Tuesday, May 20, 2008


Racing Post Report by Rodney Masters - 20th May 2008

BRITAIN'S jockeys have been handed a stark warning by a leading official from the BHA that they “need toget their act together” over use of the whip or face the risk of a criminal prosecution under the Animal Welfare Act.

The red-alert came from Tony Goodhew, the BHA's director of licensing and standards, at a jockeys' seminar during the Dante meeting at York last week.

Goodhew explained to riders that animal rights groups could decide to bring a prosecution against a rider who had flouted the whip regulations by utilising the Animal Welfare Act, which came into force last year.

“It's something the jockeys must be aware of, and I did warn them of the situation at the seminar,” said Goodhew.

“The BHA is in talks with both the government and the RSCPA over the issue, but the jockeys must do their part and do need to get their act together over the whip.”

From once being a distant prospect, the threat of prosecution by animal welfare supporters has drawn alarmingly close for the BHA, to the point where Goodhew was despatched with his blunt message.

The fear of a test case prosecution heightened last December, when police responded to a request from Animal Aid to investigate Eddie Ahern's ride on Marsam at Southwell.

Ahern hit the horse up to 20 times in the last two furlongs, raising weals on the skin, and, under BHA rules, was banned for three months.

Detective chief superintendent Neil James, from the Nottinghamshire force, met with BHA officials in London to be briefed on racing's disciplinary procedures, but there was no further action in the courts.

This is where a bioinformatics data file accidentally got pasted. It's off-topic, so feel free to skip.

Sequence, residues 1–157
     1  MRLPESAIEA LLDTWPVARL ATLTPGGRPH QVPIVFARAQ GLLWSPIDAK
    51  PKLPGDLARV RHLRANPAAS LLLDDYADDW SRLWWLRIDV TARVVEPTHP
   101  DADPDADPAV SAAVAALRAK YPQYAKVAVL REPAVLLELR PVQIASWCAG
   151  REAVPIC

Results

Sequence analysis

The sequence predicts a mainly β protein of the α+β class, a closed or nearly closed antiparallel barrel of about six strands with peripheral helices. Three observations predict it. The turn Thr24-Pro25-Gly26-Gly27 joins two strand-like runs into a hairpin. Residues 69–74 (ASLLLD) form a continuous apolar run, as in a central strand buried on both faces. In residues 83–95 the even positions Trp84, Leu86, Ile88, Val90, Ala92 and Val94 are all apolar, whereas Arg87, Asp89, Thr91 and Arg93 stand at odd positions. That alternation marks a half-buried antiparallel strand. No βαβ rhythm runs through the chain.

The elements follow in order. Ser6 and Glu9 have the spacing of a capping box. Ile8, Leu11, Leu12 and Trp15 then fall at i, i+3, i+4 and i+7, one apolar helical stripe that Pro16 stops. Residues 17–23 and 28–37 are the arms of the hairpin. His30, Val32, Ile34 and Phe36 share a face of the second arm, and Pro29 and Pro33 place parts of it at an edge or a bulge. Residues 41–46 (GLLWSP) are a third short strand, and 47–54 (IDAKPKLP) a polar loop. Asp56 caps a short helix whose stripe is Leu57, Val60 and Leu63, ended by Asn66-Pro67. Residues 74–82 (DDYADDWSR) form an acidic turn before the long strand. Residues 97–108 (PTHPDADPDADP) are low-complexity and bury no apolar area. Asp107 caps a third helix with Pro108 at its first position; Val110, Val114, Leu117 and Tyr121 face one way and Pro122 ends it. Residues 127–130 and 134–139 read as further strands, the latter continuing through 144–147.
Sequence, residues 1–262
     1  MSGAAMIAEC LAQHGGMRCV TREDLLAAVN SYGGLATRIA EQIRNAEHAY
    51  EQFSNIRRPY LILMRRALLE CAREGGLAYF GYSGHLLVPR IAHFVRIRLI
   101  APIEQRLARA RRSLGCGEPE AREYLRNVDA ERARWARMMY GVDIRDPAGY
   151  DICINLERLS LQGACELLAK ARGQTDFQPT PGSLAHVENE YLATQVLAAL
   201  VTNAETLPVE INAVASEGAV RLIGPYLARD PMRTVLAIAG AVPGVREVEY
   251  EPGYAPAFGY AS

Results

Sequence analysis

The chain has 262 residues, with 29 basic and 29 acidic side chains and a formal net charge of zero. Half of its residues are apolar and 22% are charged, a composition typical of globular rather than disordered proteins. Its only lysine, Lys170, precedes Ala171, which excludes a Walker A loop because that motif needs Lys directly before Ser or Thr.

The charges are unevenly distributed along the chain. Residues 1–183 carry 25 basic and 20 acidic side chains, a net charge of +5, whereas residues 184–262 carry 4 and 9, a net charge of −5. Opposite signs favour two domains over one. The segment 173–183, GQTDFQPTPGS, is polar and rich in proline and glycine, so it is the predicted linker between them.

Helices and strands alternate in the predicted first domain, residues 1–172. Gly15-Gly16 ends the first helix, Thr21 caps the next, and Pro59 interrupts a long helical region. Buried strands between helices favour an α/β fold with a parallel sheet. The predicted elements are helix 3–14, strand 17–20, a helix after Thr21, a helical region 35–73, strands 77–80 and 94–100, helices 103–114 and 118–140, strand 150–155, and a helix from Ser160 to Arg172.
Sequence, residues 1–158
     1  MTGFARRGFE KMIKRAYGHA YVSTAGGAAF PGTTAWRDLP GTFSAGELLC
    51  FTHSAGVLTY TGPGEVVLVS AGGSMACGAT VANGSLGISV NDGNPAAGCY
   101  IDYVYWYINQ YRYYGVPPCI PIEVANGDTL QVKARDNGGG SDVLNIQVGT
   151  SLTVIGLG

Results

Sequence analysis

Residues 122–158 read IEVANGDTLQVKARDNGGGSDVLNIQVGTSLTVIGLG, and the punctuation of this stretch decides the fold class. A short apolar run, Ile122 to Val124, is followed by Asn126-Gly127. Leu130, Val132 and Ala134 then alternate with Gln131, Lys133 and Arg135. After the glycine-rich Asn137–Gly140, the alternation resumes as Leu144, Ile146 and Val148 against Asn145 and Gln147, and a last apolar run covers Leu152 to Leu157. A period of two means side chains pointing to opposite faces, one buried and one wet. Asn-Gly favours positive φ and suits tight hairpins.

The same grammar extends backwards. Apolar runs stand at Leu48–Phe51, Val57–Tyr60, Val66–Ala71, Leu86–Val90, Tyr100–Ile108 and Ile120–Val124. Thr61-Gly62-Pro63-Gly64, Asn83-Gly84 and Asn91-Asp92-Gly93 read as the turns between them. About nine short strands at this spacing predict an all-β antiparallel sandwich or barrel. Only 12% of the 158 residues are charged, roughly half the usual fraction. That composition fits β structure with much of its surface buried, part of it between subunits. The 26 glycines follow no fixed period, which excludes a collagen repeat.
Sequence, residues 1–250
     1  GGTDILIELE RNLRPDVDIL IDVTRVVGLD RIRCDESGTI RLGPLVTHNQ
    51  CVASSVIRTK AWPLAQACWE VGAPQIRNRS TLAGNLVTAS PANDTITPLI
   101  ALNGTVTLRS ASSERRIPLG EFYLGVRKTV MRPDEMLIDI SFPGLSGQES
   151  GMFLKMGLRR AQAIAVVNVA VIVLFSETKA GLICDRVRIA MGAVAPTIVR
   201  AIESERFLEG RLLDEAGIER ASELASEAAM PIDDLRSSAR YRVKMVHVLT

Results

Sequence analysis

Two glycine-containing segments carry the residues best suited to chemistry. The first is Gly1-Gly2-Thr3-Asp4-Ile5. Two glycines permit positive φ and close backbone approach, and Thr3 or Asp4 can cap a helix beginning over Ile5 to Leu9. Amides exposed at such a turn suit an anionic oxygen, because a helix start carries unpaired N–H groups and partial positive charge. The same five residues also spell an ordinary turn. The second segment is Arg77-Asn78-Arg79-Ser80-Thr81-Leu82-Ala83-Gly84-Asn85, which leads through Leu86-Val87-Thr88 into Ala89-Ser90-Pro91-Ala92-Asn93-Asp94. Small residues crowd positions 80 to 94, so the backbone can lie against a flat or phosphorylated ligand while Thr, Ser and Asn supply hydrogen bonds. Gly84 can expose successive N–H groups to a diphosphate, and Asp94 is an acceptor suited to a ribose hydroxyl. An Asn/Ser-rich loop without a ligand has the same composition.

The Animal Welfare Act introduced a welfare offence that places a ‘duty of care' on jockeys, as well as owners, trainers and the BHA, to ensure that horses are not abused.

Previously, a prosecution occurred only in cases where an animal had been caused unnecessary suffering.

David Muir, the RSPCA's equine consultant, said: “Like anyone else, jockeys aren't above the law.

“If you use the example of football, if a player commits a foul it is dealt with by the Football Association but if a player runs across the field and punches somebody on the nose, he would be dealt with by the police.

“If a jockey behaves so unreasonably with a horse he causes it unnecessary suffering, then it doesn't preclude anybody, whether it is the RSPCA or the police, to prosecute.

“Yes, it is something that could happen, but to stop it happening the three bodies, the BHA, PJA and RSPCA, are working together to ensure it doesn't get to that stage.”

Muir added: “We are talking about a small minority of jockeys who go to these lengths, but that minority brings the whole of racing into disrepute, and it's one of the things the public detest.”

Josh Apiafi, chief executive of the Professional Jockeys' Association, said he was also aware of the dangers of a criminal prosecution.

“The BHA did a lot of work to stop the Nottingham police taking action in the Eddie Ahern case and basically got told to address the situation, and fast, because of the increase in whip offences,” said Apiafi.

“While there has been an increase, they were all one or two days, and not Eddie Ahern-type incidents.

“The BHA told us as soon as the police wanted to get involved, and the main reason for the recent jockeys' seminars is to explain the situation – and the number of offences is coming down.”

Rory Mac Neice, a former jockey and now partner in and head of sports law for legal firm Ashfords, stated last night that the need for self-regulation by racing was an urgent one.

He said: “I believe it would need to be a very extreme example of abuse for a jockey to be prosecuted and I've never come across such an example.

“In my opinion, it is vital that racing continues to be self-regulating as, should that be removed, regulation would be done by a third party, and that would not be good for the sport.

“Therefore, it is important for the PJA and the BHA to work together to ensure there is consistency and confidence in the application of the whip rules, so that jockeys and stewards know the way the whip is used.”




Racing Post Report by Bruce Jackson - posted 4:06pm 17th May 2008